Lizzie Marvelly: Voting should start at 16

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Young people represent NZ's future so more should have a say in choosing who runs it.
At the last election only 72 per cent of those eligible exercised their right to vote. Photo / NZME
At the last election only 72 per cent of those eligible exercised their right to vote. Photo / NZME

Sometimes, when I read about climate change, out-dated and discriminatory adoption laws, and a Crimes Act that still includes abortion, I wish more millennials held positions of power. We should lower the voting age to 16.

I know. "What on earth do 16-year-olds know about running a country?" Which is almost exactly the point.

Young people represent the future of New Zealand. Each and every decision made by policy-makers today will impact us for the longest. Brilliant foresight and negligence alike have the potential to affect us for the rest of our [likely very long] lives.

Quite simply, we are the stakeholders with the most to lose or gain.

But in the pecking order of groups our leaders listen to, we're near the bottom. One can't help but wonder whether this is because so few of us vote.

In 2014, the National Party won 47 per cent of the vote, a solid showing that paved the way for a third term. As a result, the Government often claims it has a mandate to do as it sees fit - which is a compelling argument until you realise only 72 per cent of eligible voters actually cast a vote.

More than a quarter of New Zealanders of voting age did not vote to give the Government a mandate. Granted, they didn't vote for anyone, so we'll never truly know the will of the people. But when studies show that those who are younger, poorer, less educated and not Pakeha are less likely to vote, it raises some probing questions about the representation of variously marginalised New Zealanders.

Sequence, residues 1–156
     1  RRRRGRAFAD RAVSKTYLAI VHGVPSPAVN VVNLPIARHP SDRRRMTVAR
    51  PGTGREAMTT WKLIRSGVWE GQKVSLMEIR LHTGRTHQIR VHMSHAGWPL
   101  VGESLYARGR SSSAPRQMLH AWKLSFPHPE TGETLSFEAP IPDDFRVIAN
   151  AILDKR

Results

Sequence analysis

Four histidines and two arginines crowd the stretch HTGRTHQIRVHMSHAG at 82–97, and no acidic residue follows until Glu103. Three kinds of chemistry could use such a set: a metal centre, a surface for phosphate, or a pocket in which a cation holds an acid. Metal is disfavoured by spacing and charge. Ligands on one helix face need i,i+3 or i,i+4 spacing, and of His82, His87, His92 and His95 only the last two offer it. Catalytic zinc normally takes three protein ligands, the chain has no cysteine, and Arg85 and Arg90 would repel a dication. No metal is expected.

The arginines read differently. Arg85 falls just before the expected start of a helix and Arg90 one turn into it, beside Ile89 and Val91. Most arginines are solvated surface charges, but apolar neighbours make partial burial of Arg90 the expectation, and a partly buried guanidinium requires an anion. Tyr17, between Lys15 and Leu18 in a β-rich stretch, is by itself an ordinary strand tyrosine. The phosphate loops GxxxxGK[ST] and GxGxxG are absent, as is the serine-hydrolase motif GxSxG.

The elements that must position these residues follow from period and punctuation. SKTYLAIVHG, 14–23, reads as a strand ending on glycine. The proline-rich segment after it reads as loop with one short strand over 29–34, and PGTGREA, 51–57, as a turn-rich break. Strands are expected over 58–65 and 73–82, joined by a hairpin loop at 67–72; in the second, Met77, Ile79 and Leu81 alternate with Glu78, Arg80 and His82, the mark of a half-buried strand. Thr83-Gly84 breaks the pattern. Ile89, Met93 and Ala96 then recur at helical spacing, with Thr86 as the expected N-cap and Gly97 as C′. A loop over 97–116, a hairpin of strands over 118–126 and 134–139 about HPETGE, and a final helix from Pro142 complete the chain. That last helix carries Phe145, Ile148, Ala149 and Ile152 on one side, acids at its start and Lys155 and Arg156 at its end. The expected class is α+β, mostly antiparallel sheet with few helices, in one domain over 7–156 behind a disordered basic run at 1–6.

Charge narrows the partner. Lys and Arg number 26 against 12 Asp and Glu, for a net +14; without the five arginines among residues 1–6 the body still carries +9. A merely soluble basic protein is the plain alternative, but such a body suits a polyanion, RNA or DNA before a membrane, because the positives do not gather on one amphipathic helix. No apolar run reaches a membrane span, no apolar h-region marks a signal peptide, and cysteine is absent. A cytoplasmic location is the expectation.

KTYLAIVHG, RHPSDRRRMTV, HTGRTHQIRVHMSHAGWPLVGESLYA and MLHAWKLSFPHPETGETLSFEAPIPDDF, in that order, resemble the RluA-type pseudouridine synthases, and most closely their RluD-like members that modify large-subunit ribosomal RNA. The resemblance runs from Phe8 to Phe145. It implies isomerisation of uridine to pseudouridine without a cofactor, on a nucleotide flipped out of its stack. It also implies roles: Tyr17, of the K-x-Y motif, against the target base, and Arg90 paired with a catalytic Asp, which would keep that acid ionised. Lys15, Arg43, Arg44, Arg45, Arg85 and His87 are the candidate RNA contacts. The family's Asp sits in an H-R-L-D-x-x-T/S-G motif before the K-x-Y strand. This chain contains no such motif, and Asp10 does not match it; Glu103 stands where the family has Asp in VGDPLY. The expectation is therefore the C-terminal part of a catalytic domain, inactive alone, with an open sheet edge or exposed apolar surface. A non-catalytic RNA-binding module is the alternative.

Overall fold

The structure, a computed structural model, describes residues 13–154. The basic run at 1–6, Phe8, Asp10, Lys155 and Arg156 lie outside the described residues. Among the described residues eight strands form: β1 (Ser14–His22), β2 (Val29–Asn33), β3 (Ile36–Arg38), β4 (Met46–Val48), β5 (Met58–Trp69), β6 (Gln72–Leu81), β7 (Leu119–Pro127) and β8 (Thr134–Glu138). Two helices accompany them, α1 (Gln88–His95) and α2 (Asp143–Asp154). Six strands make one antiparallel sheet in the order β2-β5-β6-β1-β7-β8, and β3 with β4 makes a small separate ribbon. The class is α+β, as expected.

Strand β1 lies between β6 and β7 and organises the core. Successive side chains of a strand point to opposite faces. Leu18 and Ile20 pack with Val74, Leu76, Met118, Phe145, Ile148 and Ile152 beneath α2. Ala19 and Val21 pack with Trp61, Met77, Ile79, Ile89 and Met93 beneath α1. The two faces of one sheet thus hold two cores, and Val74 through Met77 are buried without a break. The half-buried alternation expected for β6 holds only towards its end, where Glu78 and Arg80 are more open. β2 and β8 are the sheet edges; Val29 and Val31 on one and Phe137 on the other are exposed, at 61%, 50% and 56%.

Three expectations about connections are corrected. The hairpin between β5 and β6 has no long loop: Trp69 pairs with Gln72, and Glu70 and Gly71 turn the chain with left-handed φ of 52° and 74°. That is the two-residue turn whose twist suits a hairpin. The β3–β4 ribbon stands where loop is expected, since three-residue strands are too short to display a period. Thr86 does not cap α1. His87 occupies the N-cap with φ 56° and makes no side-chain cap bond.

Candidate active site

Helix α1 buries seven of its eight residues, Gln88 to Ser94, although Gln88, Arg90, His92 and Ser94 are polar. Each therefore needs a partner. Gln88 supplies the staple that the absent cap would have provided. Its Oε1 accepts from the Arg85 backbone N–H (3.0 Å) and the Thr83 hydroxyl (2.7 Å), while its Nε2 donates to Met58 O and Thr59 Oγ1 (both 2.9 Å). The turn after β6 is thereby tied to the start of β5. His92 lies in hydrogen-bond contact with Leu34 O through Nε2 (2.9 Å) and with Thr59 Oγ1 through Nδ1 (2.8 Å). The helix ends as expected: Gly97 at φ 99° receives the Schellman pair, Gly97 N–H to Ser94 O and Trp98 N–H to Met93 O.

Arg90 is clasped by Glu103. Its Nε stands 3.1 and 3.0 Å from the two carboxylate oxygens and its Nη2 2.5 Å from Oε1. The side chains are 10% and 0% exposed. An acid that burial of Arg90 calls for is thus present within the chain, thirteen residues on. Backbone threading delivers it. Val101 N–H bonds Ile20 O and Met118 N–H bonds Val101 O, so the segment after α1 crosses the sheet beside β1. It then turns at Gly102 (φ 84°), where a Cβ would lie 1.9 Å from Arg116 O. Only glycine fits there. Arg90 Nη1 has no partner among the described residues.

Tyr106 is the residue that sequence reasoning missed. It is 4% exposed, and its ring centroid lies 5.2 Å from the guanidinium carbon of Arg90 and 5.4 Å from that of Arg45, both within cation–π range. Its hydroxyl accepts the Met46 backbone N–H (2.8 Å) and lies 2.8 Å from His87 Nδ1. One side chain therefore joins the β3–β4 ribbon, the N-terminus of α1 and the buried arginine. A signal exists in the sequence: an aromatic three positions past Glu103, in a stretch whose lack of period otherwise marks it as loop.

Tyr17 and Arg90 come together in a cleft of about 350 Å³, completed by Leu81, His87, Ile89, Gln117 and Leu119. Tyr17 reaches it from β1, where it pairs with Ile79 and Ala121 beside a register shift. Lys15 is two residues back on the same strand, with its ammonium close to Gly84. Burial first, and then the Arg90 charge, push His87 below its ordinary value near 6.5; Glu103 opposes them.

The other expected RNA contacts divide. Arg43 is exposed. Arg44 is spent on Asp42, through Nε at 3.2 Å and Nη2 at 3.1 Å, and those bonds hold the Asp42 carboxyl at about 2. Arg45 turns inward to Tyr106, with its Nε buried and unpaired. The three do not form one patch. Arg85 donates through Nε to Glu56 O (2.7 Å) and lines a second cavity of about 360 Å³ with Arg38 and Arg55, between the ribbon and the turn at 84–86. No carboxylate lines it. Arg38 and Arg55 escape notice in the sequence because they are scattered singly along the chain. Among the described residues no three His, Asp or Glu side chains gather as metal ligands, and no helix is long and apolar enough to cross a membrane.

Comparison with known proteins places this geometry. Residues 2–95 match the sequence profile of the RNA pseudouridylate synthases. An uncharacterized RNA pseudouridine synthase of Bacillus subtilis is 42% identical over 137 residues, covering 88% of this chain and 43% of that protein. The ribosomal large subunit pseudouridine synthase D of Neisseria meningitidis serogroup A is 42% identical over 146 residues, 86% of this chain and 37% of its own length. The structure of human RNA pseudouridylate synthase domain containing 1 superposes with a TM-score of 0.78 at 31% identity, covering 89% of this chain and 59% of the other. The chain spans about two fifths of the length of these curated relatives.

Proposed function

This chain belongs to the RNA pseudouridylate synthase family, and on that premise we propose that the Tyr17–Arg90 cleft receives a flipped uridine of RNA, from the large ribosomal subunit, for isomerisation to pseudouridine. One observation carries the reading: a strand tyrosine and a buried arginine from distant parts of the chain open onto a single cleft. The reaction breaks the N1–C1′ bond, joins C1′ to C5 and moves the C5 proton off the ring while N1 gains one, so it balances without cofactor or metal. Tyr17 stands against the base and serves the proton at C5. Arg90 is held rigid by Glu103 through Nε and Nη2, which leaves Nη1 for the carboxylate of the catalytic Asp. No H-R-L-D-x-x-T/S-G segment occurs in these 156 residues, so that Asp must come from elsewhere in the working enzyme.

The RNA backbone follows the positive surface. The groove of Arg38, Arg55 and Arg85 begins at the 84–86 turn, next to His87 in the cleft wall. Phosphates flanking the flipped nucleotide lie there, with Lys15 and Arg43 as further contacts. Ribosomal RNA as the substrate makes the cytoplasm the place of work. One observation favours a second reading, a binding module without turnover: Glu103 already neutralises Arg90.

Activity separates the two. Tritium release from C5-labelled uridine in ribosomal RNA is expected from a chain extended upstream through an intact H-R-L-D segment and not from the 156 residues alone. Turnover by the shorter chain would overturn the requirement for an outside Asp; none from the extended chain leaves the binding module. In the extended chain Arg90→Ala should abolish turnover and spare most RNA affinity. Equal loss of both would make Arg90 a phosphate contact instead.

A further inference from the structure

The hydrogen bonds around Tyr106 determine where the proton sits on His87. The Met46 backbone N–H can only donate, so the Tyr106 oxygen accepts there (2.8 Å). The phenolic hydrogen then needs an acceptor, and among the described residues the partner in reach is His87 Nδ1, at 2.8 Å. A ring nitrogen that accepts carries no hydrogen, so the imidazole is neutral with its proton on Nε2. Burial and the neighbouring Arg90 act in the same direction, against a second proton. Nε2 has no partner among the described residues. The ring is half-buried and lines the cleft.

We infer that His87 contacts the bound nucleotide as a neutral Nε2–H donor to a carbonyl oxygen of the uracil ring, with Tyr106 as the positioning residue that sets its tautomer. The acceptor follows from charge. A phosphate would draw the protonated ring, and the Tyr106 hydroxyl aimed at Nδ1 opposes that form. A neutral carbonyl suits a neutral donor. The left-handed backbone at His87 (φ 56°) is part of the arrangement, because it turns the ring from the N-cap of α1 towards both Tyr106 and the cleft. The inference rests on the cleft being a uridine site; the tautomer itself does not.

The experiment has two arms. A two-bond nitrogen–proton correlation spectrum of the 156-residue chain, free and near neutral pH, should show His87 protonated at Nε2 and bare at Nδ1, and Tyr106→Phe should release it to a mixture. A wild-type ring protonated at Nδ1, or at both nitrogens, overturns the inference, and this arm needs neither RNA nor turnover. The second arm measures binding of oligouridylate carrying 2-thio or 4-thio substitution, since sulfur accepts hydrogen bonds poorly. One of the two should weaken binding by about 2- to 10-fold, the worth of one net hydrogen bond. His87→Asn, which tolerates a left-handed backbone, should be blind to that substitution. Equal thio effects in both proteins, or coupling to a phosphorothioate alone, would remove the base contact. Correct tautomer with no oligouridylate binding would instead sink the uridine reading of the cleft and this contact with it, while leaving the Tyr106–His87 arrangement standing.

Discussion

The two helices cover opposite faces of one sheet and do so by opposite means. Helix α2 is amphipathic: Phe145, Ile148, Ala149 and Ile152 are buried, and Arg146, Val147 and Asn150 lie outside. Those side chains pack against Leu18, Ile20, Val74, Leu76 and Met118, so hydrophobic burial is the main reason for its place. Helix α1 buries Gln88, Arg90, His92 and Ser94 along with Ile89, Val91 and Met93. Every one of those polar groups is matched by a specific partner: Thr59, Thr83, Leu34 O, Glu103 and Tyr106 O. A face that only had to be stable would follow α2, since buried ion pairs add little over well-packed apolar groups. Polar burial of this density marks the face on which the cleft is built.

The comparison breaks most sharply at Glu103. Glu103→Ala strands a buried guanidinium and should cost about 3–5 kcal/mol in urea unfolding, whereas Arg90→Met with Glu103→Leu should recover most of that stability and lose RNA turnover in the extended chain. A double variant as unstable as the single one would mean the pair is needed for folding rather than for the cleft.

In 2014, just over 62 per cent of enrolled voters aged 18 to 29 voted. That means 219,032 young people didn't vote. Frankly, I can't blame them. I have to confess: in 2008, when I was first eligible to cast a ballot, I didn't either.

When I thought about politics at the ripe old age of 19, my mind conjured an image of a group of adults competing to see who could yell the loudest in the Beehive. They didn't seem to listen to each other, so why would they listen to me? I was on tour in Germany over the election period, but I barely shrugged when I realised I'd missed the opportunity.

What I didn't know then was that my voice was just as important as any other. My vote held the same weighting as that of Sir Colin Meads and Dame Malvina Major, for example. I had just as much right to have a say in the running of our country as any 40, 50, or 60-year-old.

Had I been encouraged to vote while I was at school, things might have been different. As it was, my civics education consisted of a social studies project on the 1999 election when I was Year 5, a trip to the Beehive when I was Year 7, and an overview of our constitutional monarchy when I was Year 9. I knew nothing about how our political system worked and very little about the parties themselves.

It seems ridiculous that we send school-leavers into the world without explicitly teaching them about their fundamental democratic right.

If we lowered the voting age to 16, we'd have the opportunity to engage young people in democracy through schools. Candidates would have a vested interest in connecting with young people who could learn about each party's policies, and develop informed opinions about their affiliations.

We could also address the issue of declining voter turnout across the whole population.

What better way to encourage young people to vote than to start the process while they're still at school, providing an access point for the electoral commission and the political sector as a whole to engage with them? And if you're doubtful that high school students would care enough to join in the conversation, try talking to a 16-year-old about the flag. You'll likely get an earful about how unfair it is that they're not allowed to vote. And rightly so.

Voting at 16 is hardly unprecedented. Austria, Brazil, and Scotland have already done it.

When our young people can drive, leave home, leave school, work fulltime, supervise children, apply for a gun licence, legally consent to sex, refuse medical treatment, get an adult passport, get a tattoo, and fly a plane solo at the age of 16, is it really reasonable or just that we don't allow them to vote?

Debate on this article is now closed.

- NZ Herald

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